It seems that figures on both the left and the right are increasingly applying a rather unsavory term to Donald Trump:


The term is notoriously ambiguous. Perhaps the most well-known attempt to describe fascism is novelist Umberto Eco’s 1995 essay “Ur-Fascism,” in which he lists 14 characteristics of it. In a column for Slate last week, Jamelle Bouie claimed that 7 of these characteristics apply to Trump. They are:

1) A cult of “action for action’s sake,” where “thinking is a form of emasculation.”

2) An intolerance of “analytical criticism,” where disagreement is condemned.

3) A profound “fear of difference,” where leaders appeal against “intruders.”

4) Appeals to individual and social frustration and specifically a “frustrated middle class” suffering from “feelings of political humiliation and frightened by the pressure of lower social groups.”

5) A nationalist identity set against internal and external enemies (an “obsession with a plot”).

6) A feeling of humiliation by the “ostentatious wealth and force of their enemies.”

7) A “popular elitism” where “every citizen belongs to the best people of the world” and underscored by contempt for the weak; and a celebration of aggressive (and often violent) masculinity.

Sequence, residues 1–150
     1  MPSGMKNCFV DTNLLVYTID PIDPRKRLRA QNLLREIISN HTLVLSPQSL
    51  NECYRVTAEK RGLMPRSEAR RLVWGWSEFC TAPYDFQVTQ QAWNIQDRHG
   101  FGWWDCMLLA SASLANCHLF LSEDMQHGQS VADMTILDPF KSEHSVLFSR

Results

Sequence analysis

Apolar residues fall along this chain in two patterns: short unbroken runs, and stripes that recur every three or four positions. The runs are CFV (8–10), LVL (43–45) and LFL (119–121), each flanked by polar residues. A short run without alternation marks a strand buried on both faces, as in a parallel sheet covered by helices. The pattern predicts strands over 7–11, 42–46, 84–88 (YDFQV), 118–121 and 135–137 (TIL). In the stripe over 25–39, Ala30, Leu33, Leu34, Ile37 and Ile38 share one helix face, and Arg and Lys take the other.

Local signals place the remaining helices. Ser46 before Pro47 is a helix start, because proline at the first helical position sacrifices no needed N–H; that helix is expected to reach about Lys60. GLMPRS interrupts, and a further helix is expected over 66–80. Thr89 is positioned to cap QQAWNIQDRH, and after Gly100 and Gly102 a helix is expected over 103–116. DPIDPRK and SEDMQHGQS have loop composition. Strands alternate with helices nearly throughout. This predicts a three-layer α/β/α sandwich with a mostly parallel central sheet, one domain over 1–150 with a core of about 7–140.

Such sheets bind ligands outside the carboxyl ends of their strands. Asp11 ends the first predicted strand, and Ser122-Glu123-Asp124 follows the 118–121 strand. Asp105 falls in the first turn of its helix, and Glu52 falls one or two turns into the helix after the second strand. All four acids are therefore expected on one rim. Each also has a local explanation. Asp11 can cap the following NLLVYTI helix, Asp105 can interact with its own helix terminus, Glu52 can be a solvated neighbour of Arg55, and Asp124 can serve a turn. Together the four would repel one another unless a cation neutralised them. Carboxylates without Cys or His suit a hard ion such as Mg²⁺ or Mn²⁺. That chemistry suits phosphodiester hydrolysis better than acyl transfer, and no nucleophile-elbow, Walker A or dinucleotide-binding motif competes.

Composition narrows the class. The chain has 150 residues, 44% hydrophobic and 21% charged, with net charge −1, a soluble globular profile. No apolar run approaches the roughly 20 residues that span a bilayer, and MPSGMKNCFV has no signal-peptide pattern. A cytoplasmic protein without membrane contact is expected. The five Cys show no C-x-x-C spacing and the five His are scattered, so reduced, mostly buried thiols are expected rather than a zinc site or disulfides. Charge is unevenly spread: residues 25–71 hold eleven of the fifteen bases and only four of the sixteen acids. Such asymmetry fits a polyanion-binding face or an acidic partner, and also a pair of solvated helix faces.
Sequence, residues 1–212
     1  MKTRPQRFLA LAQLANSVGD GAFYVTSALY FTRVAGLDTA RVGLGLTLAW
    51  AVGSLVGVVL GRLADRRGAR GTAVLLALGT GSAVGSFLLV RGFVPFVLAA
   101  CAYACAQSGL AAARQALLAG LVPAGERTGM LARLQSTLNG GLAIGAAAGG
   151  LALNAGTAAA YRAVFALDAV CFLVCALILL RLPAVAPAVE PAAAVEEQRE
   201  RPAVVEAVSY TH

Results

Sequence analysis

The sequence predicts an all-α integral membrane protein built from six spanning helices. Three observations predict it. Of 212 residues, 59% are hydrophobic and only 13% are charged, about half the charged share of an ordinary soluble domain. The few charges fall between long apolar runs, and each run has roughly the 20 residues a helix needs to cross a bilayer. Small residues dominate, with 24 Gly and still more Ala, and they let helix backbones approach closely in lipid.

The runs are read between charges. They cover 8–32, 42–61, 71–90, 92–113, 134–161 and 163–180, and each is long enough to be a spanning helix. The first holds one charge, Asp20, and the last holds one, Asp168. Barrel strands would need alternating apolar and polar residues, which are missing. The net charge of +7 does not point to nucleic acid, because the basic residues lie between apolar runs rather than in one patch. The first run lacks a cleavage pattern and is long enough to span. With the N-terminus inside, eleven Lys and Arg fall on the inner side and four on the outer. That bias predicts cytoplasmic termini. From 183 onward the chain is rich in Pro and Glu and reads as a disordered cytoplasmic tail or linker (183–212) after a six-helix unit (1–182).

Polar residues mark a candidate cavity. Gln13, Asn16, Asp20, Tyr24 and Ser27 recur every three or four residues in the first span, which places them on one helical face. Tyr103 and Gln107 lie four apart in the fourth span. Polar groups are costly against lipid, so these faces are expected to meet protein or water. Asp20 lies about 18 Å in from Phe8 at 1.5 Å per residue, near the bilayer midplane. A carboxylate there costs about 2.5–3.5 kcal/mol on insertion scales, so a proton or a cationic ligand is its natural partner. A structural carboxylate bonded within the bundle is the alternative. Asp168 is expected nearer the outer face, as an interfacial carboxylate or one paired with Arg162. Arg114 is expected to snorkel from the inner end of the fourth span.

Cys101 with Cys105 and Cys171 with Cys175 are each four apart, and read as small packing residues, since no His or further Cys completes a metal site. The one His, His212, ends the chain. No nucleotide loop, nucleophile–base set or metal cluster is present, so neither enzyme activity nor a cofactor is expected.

Does the shoe fit? According to Ross Douthat, the conservative columnist for the New York Times, yes.

However, he cautions people that instead of throwing around that label, they should look at why Trump’s particular brand of fascism is now resonating with so many Americans:

“Freaking out over Trump-the-fascist is a good way for the political class to ignore the legitimate reasons he’s gotten this far – the deep disaffection with the Republican Party’s economic policies among working-class conservatives, the reasonable skepticism about the bipartisan consensus favoring ever more mass low-skilled immigration, the accurate sense that the American elite has misgoverned the country at home and abroad.” 

In support of Douthat’s contention, the Eco essay referenced above quotes Franklin Delano Roosevelt’s perhaps prophetic words in 1938:

“I venture the challenging statement that if American democracy ceases to move forward as a living force, seeking day and night by peaceful means to better the lot of our citizens, fascism will grow in strength in our land.”

Though Trump has gotten the support of about a quarter of the Republican electorate, Douthat does not think he will get much more, that the Republican Party is still “inoculated” against him and what he stands for.

Do you agree with Douthat that Trump’s days as a candidate are numbered? Or, do you think his popularity will continue to “grow in strength”?